Dr. Muhammad Asif


Prof. Dr. Muhammad Asif is currently working as a Professor and Director Quality Enhancement Cell at Ziauddin University, Karachi, Pakistan. He is also the Principal Investigator of Data Acquisition, Processing and Predictive Laboratory (DAPPA), National Center in Big Data and Cloud Computing. In his lab, he is working on vehicle and traffic flow modeling and monitoring and environmental data collection to monitor environmental degradation and climate change using smart technologies with the blend of artificial intelligence.
Dr. Muhammad Asif received B.S. degree in Biomedical Engineering from the Sir Syed University of Engineering and Technology, Karachi, Pakistan in 2002, and M.S. degree in Electrical Engineering from the Universiti Sains Malaysia (USM) Malaysia, in 2007. In USM, he worked with USM Robotics Research Group (URRG) on various underwater robotics and vision systems. In 2015, we received his Ph.D. in Electrical Engineering from NUST. He organized and participated in various robotics competition on national and international levels like ROBOCON, ROBOCOM, NERC, etc. He has more than 50 research publications in international and national journals and conferences.


Academic Integrity and Online Assessment

Digitization and automation have improved the efficiency and effectiveness of systems and processes in all industries, and the higher education sector is no exception. Online learning, e-learning, electronic teaching tools, and digital assessment are changing the way universities and institutes organize their educational processes. The use of online education and LMS is now adopted by many universities in Pakistan, but there is limited university exposure to online assessment and distance examinations.
As we are facing the challenge of managing exams in the middle of Pandemic with possible closure of educational institutes, it is important that we evaluate and examine options of online assessment, to build readiness to do so if need arises.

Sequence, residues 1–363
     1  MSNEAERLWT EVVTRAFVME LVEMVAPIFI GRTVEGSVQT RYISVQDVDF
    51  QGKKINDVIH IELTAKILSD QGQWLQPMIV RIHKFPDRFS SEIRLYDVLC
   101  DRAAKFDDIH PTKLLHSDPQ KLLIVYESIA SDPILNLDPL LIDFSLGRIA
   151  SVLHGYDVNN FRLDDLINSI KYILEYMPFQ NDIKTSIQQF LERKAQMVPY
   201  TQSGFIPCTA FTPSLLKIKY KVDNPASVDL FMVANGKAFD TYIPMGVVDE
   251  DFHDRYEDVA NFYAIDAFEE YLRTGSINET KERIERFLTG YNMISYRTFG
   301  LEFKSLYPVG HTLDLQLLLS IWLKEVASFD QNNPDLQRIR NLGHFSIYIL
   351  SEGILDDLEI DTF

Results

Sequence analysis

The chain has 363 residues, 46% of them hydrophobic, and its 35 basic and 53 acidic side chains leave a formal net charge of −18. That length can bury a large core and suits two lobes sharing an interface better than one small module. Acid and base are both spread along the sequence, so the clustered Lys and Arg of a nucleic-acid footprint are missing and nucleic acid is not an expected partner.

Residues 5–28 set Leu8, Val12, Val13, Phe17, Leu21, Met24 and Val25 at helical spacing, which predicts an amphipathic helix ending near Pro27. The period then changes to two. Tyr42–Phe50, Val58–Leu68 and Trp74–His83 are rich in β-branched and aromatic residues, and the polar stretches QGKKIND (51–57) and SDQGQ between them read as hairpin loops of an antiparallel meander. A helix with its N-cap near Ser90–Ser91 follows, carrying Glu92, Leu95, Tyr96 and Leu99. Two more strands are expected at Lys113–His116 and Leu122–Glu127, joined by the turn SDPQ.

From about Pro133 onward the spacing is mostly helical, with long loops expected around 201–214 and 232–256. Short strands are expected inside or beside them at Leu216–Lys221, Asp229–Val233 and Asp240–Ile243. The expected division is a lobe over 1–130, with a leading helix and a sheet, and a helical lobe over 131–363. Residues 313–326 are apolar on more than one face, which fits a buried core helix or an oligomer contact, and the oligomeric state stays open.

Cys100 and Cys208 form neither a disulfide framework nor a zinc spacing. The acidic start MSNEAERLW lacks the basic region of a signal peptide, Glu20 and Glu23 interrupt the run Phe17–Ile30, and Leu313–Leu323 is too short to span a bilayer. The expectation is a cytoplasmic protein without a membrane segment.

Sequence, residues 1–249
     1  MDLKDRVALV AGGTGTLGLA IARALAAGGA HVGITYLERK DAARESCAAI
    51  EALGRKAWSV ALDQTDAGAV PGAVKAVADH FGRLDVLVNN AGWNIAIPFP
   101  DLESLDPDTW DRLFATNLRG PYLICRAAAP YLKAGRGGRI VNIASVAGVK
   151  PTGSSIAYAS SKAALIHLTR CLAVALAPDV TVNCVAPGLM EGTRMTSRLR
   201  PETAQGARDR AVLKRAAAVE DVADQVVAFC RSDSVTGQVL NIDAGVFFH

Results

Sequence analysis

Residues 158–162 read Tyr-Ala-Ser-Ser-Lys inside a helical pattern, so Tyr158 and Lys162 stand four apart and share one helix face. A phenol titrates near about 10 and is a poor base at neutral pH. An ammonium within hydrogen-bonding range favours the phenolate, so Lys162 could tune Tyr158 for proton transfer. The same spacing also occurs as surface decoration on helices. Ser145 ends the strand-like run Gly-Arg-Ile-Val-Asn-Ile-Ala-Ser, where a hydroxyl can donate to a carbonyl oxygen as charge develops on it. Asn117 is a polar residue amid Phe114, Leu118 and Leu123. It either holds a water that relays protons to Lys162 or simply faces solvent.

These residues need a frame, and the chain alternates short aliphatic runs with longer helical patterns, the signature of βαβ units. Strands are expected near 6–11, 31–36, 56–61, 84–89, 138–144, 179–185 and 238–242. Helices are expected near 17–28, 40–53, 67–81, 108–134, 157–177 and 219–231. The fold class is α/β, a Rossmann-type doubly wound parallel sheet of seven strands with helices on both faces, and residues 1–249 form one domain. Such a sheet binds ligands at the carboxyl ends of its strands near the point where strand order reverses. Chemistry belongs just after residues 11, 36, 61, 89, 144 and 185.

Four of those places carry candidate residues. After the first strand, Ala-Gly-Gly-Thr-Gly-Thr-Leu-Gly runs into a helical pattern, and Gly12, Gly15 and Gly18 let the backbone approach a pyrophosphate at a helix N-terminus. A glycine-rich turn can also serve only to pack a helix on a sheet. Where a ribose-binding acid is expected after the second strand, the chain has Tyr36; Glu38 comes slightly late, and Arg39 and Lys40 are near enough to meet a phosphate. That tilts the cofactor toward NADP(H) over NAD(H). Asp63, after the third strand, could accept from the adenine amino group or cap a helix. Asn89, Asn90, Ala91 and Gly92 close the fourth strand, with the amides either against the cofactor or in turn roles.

The "Academic Integrity and Online Assessment" lecture will focus on exploring potentially unfair resources that could be exploited by students during online assessment, and what to do to enforce the integrity of assessment and examination outcomes.
Initial discussion will focus on challenges faced by both faculty and students during the digital transformation, and explore the reasons backing the demand of students to take online exams, if tutoring was also done online. The motivation of students to adopt for online examination seems to be backed by their perception that in an online exam the opportunity to use unfair means would facilitate acquiring better grades.  We will also share research findings on the quality of teaching outcomes in online classes as compared to campus classes.
Before discussion on prevention techniques, will explore possible cheating techniques which may be used by students during an online assessment.  Later, will focus on use of technology to prevent the use of unfair means during online exams. The study will share the smart technology option to proctor students, monitor movements of students, monitoring of user screen inactivation of multiple windows, and cut paste options provided by windows. Special emphasis will be on online proctoring of students during or after examination.